I am very proud of The Horse Boy, a beautiful 90-minute documentary I edited from hundreds of hours of footage shot mainly in Mongolia. However, getting to cut on the first two seasons of the SyFy show The Magicians was also truly incredible. That show is so complex, so funny, so stylish and so scary, I feel I came out of it a better and much more confident editor.

 

What was your biggest challenge in your job (or on a particular project) and how did you overcome/solve it?

Back in Austin, I edited a documentary in a building that almost burned down in a four-alarm fire. We lost all of our computers, some of our tapes and a lot of our digitized footage. Fortunately, I had backed up all our project files and taken them with me when I left the previous night and we could re-digitize almost all of what we lost. That was a big lesson — always back up your project!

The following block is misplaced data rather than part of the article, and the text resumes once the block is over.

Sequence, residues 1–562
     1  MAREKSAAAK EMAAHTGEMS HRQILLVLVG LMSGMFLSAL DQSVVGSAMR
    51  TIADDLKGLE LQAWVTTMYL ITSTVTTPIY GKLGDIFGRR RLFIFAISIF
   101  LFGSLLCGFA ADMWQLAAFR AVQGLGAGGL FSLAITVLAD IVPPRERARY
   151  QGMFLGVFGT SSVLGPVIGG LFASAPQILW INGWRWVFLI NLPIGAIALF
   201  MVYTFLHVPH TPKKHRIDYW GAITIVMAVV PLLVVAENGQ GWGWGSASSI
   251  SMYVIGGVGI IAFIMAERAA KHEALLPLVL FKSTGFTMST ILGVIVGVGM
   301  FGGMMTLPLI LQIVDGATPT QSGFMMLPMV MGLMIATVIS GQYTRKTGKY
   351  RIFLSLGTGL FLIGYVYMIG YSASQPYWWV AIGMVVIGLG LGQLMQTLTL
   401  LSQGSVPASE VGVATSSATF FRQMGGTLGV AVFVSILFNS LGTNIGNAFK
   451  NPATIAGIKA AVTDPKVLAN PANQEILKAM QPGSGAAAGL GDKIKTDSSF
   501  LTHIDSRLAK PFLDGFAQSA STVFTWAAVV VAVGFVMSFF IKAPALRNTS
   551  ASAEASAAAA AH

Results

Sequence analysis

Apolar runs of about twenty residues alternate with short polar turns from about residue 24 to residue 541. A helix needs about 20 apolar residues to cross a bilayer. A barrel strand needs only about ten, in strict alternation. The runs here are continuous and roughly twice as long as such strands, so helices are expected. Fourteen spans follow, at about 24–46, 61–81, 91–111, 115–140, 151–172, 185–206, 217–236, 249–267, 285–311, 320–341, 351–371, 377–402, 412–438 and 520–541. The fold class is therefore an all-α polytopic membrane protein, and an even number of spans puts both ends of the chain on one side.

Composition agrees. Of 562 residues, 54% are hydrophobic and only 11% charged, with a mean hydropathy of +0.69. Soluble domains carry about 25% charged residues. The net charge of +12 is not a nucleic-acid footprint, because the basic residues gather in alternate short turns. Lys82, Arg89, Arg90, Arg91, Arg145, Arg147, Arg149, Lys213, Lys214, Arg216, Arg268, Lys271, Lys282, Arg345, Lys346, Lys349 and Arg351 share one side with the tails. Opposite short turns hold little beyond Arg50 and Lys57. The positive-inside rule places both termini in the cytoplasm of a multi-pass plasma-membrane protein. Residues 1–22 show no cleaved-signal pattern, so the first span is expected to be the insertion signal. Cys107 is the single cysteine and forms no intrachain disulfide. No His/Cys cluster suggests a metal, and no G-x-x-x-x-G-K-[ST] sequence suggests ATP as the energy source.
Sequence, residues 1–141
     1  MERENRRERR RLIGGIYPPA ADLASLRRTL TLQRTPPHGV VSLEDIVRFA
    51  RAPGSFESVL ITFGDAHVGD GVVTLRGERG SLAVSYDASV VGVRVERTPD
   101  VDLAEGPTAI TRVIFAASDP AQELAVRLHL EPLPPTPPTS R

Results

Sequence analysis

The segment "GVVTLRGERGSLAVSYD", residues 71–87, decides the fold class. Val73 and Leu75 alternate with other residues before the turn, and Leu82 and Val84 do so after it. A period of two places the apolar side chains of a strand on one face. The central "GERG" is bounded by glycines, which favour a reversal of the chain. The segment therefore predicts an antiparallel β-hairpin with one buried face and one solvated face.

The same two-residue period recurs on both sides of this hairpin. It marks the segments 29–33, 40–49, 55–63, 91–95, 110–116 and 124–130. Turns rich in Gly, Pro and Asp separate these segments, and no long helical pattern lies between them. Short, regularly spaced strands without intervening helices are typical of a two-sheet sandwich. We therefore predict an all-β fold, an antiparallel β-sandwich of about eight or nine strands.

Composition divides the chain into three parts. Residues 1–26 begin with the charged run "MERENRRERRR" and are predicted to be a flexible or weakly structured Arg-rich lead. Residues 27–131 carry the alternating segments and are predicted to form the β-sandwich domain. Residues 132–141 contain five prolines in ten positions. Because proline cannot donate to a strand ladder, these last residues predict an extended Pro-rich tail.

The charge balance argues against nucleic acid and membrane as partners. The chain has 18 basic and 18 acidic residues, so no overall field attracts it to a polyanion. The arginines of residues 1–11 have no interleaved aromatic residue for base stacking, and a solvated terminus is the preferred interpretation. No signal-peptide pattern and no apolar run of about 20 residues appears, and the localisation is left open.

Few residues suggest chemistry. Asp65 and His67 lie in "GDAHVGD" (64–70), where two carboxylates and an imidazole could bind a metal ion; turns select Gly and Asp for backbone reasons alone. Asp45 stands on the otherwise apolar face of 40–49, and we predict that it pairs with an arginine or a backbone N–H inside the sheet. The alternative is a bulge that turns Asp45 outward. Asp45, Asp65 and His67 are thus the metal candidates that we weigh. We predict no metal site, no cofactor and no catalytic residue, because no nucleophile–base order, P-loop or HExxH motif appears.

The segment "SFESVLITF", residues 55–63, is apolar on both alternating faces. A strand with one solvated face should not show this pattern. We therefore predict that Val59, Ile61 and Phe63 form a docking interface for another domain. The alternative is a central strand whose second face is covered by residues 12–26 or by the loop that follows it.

What was the most fun you’ve had at work?

My last show, Chance (for Hulu), was an incredibly fun show. Our post department was the nicest, chill-est group of people I’ve had the pleasure to work with. We were always trying to get more exercise because we all sat all day, every day. One day, our whole editorial department took over the Paramount editorial building break room to exercise to a fitness dance video. A lot of people got a big laugh when they saw us dancing so intensely and awkwardly.

 

Jobwise, what do you hope to be doing five years from now?

I am a big science fiction fan and I want to work on shows that tell difficult stories in fantastical ways. Like most people, I also crave being represented in the stories I see. I really want to work on shows that are not only wildly entertaining but will also contribute to women’s understanding of themselves and the world. These goals are not mutually exclusive but sometimes it feels like our industry believes they are.

 

What are your outside activities, hobbies, passions?

I enjoy nerd stuff like cosplay, sci-fi novels and Dungeons and Dragons. I am constantly listening to podcasts and spend a lot of time with my cat; she tells the best jokes.